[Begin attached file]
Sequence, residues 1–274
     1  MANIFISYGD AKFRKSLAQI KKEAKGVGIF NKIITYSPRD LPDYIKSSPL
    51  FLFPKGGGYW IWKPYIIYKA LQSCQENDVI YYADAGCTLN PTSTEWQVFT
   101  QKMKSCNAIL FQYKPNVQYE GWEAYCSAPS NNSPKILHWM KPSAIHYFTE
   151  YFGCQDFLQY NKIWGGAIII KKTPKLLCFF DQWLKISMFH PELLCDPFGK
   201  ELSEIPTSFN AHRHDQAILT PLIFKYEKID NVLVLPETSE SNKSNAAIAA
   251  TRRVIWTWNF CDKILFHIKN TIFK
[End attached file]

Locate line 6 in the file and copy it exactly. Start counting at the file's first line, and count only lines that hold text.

   201  ELSEIPTSFN AHRHDQAILT PLIFKYEKID NVLVLPETSE SNKSNAAIAA